I suppose when it comes down to it, we all want to eat nice food in nice places that don’t cost the moon. Sure, we have French restaurants in KL where caramel is served upright in tangled webs; restaurants where the silverware is as shiny as the right side up of tinfoil; and of course, those that bestow themselves upon celebrities and socialites. But oftentimes, we don’t want the theatrics; we just want good, honest food in generous portions. We want thick hunks of bread to tear alongside juicy slabs of meat. We want to laugh until red wine squirts out our noses. Well, you get what I mean. And this is where French Feast comes in, like the bumbling, doting grandmother KL never had. Run by Jean-Michel Fraisse, formerly of La Vie En Rose, this restaurant is a celebration of all things tried-and-tested in French cuisine. Think Troyes tripe sausages with onions and mustard, braised rabbit with white wine and sautéed potatoes, and country-style terrines with onion jam and pickles. It’s a vintage French cookbook come to life, and frankly, it’s a hoot. Because I’m feeling a bit ’80s, I start with the French onion soup (RM28). And it’s just what the doctor ordered, if the doctor was Julia Child on a crackly television box set. The broth is not overly sweet or jammy, and the Comté cheese topping on the bread becomes sticky and chewy when pushed down into the soup. The next thing I order is irrespective of the chef’s skills because it comes straight from a can – ‘vintage’ mackerel c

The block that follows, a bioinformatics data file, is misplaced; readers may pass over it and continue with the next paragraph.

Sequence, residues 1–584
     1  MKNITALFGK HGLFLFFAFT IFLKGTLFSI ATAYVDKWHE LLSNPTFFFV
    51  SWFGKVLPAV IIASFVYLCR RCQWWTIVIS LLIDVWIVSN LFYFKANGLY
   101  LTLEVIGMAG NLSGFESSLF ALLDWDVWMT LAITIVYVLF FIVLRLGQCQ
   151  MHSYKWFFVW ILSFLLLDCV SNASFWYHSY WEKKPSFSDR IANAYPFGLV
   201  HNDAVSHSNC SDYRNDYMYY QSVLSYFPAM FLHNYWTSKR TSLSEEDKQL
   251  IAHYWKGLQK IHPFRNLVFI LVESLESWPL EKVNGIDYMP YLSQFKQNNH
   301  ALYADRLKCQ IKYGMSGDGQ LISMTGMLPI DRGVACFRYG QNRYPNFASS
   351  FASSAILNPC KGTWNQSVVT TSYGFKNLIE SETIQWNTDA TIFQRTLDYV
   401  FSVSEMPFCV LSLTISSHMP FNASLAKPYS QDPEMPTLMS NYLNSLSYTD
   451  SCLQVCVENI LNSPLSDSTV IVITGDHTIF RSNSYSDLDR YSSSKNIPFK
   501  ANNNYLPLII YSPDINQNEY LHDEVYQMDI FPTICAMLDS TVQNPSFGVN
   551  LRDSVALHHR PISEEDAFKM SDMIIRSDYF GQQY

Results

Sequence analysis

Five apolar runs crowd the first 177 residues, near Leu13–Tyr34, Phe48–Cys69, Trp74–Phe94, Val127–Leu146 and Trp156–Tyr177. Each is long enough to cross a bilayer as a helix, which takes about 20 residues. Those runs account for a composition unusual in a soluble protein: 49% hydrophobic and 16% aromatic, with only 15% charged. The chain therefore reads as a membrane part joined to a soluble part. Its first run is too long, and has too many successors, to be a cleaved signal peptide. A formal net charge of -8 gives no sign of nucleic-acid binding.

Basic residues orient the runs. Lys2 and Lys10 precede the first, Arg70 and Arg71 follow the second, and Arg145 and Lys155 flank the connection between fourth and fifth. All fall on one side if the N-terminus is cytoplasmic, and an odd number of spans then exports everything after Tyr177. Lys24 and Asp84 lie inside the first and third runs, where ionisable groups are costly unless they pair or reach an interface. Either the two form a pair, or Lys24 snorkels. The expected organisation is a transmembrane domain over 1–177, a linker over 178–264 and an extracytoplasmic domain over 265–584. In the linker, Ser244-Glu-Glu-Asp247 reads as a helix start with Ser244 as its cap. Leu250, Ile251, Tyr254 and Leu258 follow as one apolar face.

Time Out says
4 out of 5 stars
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New restaurants and cafés in KL

Cielo Kuala Lumpur
Restaurants

Cielo Kuala Lumpur